Whether known or unbeknownst to Fairey, his earnest message would soon become the very corporate marketing agenda it was meant to critique. The anti-establishment origins of the OBEY graphic is now an iconic brand name sold on everything from hats and tee’s to magnets and mugs.

  img_0006 OBEY Retail Space In London, UK

               Current culture more than ever has muddled the lines of art and advertising through a proliferation of mimetic imagery. The freedom and creative expression of art (especially guerilla)  traditionally served to subvert the status quo and inspire questioning. Warhol and Fairey attempted to implant messages in their spoofs of advertising. Yet, art’s imitation of advertisement risks paradoxically perpetuating the system it wishes to disengage from. It seems modern advertising’s imitation of art is cashing in on this fallacy.

Let Me Know, Comment Below:  What are your thoughts on art imitating advertising and advertising imitating art? Is distinguishing the two necessary or even possible?

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Consumer Culture, Consumerism, Decision-making, Humor, Psychology

Decisions, Decisions, Decisions…

 

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Each time I enter a store, even for the most simple purchases, it invariably leads to an inner struggle. I might just need some dish soap. That’s all. Yet, somehow time invested in the experience always exceeds the time I’d allotted once I’m in the aisle getting down to business. I attribute this, not just to a degree of neuroticism, but to option infiltration. When is the last time you saw only one, or two versions of a product in a store that wasn’t a gas station express mini-mart, or a hospital gift shop? And even those places seem to be getting fancy.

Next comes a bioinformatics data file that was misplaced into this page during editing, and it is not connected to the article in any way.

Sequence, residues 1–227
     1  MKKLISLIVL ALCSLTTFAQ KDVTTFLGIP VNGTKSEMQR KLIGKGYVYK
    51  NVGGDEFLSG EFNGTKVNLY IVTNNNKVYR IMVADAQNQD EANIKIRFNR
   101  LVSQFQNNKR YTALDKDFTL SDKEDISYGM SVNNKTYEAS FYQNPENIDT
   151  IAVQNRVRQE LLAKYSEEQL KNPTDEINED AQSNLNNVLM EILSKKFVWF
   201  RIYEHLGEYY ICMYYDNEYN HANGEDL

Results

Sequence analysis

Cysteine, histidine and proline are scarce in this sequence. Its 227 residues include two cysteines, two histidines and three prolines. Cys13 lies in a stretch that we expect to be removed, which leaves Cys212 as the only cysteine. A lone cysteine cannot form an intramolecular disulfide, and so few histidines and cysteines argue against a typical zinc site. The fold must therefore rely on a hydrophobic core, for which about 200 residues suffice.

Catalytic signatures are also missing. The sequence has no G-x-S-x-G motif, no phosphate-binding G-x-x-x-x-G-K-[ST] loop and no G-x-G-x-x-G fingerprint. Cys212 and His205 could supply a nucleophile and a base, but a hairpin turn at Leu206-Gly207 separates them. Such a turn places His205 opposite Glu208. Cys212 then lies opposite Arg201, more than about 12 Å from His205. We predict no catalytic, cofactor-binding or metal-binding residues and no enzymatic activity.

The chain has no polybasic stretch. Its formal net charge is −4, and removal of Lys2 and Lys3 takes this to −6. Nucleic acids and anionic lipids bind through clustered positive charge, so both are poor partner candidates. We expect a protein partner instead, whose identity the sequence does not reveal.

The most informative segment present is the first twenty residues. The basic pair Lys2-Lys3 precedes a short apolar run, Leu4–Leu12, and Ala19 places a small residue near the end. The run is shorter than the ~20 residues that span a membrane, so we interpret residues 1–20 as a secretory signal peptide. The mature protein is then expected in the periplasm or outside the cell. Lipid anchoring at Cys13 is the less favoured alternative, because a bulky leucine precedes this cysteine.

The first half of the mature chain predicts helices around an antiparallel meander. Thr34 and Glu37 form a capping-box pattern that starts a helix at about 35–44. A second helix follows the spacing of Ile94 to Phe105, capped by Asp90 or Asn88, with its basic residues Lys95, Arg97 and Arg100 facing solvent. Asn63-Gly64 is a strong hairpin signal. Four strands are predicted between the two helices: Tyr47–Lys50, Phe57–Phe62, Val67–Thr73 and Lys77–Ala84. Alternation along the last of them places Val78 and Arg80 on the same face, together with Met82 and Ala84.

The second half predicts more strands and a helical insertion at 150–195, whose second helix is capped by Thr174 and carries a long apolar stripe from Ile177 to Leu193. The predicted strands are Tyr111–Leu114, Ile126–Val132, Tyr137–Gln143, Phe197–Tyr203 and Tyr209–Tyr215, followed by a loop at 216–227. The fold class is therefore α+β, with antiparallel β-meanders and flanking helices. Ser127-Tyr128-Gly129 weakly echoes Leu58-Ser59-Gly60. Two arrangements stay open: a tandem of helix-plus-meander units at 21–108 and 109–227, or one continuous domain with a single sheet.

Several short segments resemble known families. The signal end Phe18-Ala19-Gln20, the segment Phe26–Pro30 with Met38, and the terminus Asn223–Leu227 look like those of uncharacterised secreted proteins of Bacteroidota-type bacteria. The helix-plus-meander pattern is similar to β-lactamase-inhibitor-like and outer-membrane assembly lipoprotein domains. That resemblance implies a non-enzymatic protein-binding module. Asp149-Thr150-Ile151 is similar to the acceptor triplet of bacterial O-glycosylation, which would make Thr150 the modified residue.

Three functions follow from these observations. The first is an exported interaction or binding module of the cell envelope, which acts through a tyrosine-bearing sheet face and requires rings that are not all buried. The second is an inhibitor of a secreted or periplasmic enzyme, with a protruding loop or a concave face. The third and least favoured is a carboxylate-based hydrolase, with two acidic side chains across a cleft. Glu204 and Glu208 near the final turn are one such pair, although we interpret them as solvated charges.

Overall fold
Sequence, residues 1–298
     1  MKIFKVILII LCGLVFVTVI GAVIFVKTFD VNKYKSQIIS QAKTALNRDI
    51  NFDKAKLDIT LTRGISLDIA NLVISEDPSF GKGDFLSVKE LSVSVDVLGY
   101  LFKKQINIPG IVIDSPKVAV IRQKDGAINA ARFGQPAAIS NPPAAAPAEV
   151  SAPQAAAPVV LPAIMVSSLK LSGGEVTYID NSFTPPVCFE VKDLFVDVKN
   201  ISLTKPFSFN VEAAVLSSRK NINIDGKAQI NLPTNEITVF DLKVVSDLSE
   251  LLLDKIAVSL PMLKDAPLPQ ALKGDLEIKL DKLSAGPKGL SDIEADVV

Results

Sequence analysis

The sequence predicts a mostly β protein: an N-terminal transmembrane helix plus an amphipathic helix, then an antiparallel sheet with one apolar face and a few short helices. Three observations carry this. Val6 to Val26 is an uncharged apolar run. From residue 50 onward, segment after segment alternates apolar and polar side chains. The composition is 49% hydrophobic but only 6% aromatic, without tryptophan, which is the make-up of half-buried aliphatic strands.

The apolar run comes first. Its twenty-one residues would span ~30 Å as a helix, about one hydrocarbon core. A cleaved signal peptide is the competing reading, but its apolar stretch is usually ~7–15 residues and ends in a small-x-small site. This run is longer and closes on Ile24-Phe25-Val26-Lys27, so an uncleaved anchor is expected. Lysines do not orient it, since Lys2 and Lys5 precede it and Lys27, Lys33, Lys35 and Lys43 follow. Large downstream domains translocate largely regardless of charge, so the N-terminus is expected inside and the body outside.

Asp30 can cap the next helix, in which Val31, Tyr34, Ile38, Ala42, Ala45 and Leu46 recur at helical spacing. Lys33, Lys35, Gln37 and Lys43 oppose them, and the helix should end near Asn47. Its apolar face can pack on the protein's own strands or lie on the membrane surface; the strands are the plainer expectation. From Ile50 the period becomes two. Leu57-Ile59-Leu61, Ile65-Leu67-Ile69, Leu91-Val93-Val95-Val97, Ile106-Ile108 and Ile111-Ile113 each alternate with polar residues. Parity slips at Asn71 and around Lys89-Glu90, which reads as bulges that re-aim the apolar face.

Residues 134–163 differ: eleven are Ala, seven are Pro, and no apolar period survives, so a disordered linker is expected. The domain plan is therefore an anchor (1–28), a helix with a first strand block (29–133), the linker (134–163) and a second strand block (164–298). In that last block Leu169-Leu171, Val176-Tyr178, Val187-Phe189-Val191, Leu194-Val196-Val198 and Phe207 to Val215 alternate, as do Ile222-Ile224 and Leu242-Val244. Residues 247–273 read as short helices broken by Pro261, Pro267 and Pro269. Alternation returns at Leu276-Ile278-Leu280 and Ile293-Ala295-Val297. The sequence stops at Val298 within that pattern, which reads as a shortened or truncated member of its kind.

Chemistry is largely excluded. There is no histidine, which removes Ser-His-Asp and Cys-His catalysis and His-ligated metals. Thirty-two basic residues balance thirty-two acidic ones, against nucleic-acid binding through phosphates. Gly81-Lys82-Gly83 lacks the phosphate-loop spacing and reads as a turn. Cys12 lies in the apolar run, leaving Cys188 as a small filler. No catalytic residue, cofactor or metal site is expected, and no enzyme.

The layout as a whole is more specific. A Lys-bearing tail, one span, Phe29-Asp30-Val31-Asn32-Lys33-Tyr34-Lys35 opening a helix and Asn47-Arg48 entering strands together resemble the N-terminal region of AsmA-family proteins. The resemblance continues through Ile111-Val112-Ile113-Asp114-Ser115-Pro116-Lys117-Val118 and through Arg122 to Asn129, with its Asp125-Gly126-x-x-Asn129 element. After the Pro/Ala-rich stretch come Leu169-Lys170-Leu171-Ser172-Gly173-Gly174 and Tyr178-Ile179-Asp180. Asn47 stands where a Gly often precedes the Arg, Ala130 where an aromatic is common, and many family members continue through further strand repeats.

Like many people, I enjoy my options. They seem so empowering. I suppose it brings out the democratic, liberty lovin’, part of me. The issue is, much like other confections of democracy, it’s been frosted to excess. And I’m frozen in the aisle of a grocery store. I want to get on with my life.  Despite my awareness of option overload, putting haste into practice in the face of thirty dish soaps is easier said than done.

Instead, my thought process might go something like this:

The spendthrifty, overly-analytical side of me takes complete control of the situation- hijacking my mind and body. I find myself crouching and straining my neck in the strangest and most unthinkable positions, shocked by this new found flexibility. My eyes scan every label and price tag. I might even go out of my way to flag down an associate, only to verify the price of a lone ranger, non-designated bottle. “What if THAT’S the cheapest one?, I’ll tell myself. Price isn’t the only consideration, though. Cheapest one doesn’t mean shit if I’m going to be dousing my dishes with diluted toxins later on. Is there an organic option? It’s mine. Now I’m wondering what organic actually means in terms of safety. *Consults iPhone* Fighting a barrage of distracting characters, numbers and symbols on the screen; now my math brain comes alive. Suddenly I’m converting fluid ounces to ounces. I can do math? The clock on my screen makes its way into my periphery. I glance back at the aisle. Lemon is probably the least offensive scent. What does “Original” smell like? I know I enjoy feeling that way. Abruptly a Dawn oil spill commercial flashes into my mind and I’m sympathizing with their eco friendliness despite the .74 cent upcharge. Don’t you dare act in self interest. But, but.. “Softer feeling hands in 3 uses? …OLAY!” I decide to go with it. After all, it’s still made by Dawn. I proceed to the check out, contented by my utilitarianism. This way I’m killing two birds with one stone…

Oh, but that doesn’t sound good.

Scholarly Stuff : Psychologists are researching how choice can affect our well-being. Check out Barry Schwartz’s book, The Paradox of Choice: Why More is Less, to further probe this connection.